noun, plural: erythropoietins
Erythropoietin is a 46 kD glycoprotein. In adults, it is produced primarily by the interstitial fibroblast cells in the kidneys. The cells are sensitive to low arterial oxygen concentration and will release erythropoietin when oxygen is low (hypoxia). In fetal and perinatal period, the hormone is produced chiefly by the perisinusoidal cells in the liver.
The measurement of this hormone in the bloodstream can indicate bone marrow disorders or kidney disease. Normal levels of erythropoietin are 0 to 19 mU/ml (milliunits per millilitre). Elevated levels can be seen in polycythaemia rubra vera. Lower than normal values are seen in chronic renal failure.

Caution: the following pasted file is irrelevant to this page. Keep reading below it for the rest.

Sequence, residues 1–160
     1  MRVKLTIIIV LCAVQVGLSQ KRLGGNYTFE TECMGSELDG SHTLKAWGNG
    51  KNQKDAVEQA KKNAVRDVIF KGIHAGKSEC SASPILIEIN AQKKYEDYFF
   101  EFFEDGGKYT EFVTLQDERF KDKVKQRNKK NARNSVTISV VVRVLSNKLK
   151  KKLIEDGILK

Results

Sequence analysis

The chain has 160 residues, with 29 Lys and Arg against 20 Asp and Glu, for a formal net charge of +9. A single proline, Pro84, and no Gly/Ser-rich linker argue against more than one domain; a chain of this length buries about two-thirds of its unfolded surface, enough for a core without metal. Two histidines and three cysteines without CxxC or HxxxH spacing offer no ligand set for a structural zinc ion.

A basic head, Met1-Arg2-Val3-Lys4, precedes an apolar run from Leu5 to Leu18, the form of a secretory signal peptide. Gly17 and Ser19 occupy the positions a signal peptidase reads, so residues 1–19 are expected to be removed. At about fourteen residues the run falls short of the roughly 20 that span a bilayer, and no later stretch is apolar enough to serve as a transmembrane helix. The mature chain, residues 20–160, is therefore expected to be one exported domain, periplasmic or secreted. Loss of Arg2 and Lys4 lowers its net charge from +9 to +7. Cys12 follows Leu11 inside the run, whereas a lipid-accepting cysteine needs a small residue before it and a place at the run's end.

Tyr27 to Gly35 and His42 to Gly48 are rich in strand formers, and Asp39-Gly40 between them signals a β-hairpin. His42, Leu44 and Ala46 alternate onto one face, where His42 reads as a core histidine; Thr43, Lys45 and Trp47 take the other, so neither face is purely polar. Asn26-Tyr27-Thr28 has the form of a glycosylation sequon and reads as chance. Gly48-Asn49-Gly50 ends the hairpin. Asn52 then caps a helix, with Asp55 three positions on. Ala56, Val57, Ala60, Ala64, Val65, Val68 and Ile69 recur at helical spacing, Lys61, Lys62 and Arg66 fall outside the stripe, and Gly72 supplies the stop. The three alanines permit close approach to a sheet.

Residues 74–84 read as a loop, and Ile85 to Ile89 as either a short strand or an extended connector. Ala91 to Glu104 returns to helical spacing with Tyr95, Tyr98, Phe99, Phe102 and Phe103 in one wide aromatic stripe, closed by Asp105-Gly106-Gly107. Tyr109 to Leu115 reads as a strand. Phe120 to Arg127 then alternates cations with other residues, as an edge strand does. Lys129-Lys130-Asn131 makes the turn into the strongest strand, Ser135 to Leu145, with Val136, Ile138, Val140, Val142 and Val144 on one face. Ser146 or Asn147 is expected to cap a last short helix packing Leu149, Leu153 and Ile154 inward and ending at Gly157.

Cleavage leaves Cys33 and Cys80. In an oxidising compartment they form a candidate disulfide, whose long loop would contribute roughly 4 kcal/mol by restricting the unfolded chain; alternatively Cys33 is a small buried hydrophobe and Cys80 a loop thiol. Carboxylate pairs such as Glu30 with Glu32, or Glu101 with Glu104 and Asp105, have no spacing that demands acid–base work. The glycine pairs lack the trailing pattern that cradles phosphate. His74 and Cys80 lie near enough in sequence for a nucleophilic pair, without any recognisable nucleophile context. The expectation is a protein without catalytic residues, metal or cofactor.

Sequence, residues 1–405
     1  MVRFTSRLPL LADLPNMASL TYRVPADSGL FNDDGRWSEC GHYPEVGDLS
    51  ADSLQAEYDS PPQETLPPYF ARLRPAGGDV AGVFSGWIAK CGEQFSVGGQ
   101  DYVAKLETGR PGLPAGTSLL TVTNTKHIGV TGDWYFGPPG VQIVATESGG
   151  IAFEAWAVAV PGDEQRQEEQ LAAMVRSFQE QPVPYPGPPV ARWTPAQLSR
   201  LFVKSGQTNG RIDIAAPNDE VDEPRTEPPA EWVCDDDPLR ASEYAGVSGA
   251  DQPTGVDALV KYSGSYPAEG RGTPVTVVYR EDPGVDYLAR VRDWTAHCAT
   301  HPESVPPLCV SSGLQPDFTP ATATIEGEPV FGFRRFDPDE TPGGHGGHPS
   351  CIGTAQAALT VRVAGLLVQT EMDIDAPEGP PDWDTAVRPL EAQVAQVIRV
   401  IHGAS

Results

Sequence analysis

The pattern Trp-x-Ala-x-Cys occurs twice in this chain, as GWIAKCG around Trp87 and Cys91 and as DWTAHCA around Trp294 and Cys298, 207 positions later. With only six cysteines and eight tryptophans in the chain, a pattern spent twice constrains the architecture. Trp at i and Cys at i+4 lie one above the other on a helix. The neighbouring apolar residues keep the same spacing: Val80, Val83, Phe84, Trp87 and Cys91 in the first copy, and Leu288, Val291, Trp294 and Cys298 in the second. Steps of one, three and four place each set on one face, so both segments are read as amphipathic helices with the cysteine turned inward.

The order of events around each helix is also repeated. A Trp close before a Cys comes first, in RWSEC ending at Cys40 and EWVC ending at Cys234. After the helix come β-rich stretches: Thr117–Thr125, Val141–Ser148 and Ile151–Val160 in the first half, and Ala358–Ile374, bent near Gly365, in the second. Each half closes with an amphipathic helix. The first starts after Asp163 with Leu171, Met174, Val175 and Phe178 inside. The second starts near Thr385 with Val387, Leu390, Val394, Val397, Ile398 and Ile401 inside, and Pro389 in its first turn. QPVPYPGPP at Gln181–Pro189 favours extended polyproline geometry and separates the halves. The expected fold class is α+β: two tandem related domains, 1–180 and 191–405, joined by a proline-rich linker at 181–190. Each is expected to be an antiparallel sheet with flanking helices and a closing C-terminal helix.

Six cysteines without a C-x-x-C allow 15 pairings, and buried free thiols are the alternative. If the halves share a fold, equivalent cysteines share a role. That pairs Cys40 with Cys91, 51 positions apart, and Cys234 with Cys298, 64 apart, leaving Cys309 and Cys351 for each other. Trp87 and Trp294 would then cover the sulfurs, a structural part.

A synthetic version of erythropoietin is made available through recombinant DNA technology. Recombinant human erythropoietin (or erythropoiesis-stimulating agent, ESA) is used therapeutically to treat anemia in medical conditions such as chronic kidney disease and myelodysplasia. It is also being used illegally by athletes as a performance-enhancing drug.
Word origin: poiēt(ḗs) ("maker")